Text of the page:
With Legal Disputes Resolved, Move Forward
American Bar Association
Americans clearly don't agree on everything, but there is certainly one thing on which we can all agree - there have been a lot of court rulings in this election.
Very few people, if any, agreed with all of the rulings. How could they? The rulings differed greatly. But the very strength of our government is rooted in the robust debate, and even disagreements, that our system under the rule of law was designed to peacefully accommodate. A weaker system would have descended into chaos long before the court of last resort had an opportunity to rule.
Yet even as we hear from those who strongly disagree with the recent Supreme Court decision, we hear no suggestion that the Court's decision should not be followed. As Laurence Tribe, the Harvard Law School professor who argued for Vice President Gore in an earlier case before the Supreme Court said, "I think the courts' place in our lives is such that we all should rally around even if we disagree with the results."
We must maintain the public's confidence and trust in the judiciary - as George Washington put it, "The administration of justice is the firmest pillar of democracy." Long after this presidency - and the next, and the next - our courts will face complex, divisive issues supported by compelling arguments on all sides, and will be called on to resolve them fairly, within the guidance of the law and the Constitution. Even when we disagree with a ruling, we respect and abide by it, knowing that the judiciary is our single best hope to ensure fairness in our dealings with one another and with our government. It is time for us to move on; but as we do, let us remember that the judges of this country - state and federal - have compiled an impressive record, and public surveys consistently suggest that the American people believe that, "In spite of all its problems, the American justice system is still the best in the world."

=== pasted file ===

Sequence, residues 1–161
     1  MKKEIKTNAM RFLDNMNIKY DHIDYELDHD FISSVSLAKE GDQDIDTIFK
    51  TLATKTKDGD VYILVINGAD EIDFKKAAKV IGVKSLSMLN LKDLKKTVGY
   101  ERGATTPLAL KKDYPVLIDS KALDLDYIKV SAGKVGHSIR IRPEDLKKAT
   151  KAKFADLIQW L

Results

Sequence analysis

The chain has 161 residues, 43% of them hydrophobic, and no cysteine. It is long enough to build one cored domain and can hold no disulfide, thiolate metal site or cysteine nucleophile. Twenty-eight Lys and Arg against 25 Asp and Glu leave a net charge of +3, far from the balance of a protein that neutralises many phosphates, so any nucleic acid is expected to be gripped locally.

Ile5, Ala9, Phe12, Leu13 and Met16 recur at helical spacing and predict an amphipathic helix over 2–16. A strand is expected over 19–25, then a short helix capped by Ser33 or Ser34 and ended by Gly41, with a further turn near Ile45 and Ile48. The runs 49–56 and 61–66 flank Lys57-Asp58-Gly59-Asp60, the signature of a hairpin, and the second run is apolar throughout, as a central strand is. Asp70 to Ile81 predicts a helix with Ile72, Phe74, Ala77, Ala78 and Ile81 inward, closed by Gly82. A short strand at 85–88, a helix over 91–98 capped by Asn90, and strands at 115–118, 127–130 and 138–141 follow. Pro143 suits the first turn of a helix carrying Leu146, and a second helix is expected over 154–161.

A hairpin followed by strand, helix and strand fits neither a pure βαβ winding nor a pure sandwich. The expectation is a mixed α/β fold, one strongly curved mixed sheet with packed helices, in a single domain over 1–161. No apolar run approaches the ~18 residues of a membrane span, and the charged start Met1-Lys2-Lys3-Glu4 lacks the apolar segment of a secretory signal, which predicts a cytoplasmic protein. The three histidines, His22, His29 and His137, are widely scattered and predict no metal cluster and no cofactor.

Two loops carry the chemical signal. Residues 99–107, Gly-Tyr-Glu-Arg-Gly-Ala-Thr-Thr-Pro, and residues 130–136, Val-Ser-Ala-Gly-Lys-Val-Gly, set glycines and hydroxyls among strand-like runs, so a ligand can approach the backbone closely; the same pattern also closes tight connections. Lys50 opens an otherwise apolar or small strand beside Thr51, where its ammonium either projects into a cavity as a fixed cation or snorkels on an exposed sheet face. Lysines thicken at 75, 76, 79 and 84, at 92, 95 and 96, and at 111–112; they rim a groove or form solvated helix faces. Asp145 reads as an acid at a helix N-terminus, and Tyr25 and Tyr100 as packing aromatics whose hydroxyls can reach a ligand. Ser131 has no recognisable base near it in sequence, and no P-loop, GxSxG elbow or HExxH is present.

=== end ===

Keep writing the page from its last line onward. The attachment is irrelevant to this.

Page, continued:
Perhaps the real test of our nation comes when we are the most divided. If so, this is one of the most difficult tests we have faced recently. A new USA Today survey reveals that 81 percent of Gore voters disagree with the Supreme Court's decision, while 93 percent of Bush voters agree with it. We should all join President-elect Bush in saluting America for being "able to resolve our electoral differences in a peaceful way." Will we overcome our divisions and maintain what is critical to the survival of our democracy - the public's faith in the integrity of its judiciary? I believe so. We have had legal disputes in the past and we will in the future, and when they are resolved both sides manage to go forward. And so we will manage again.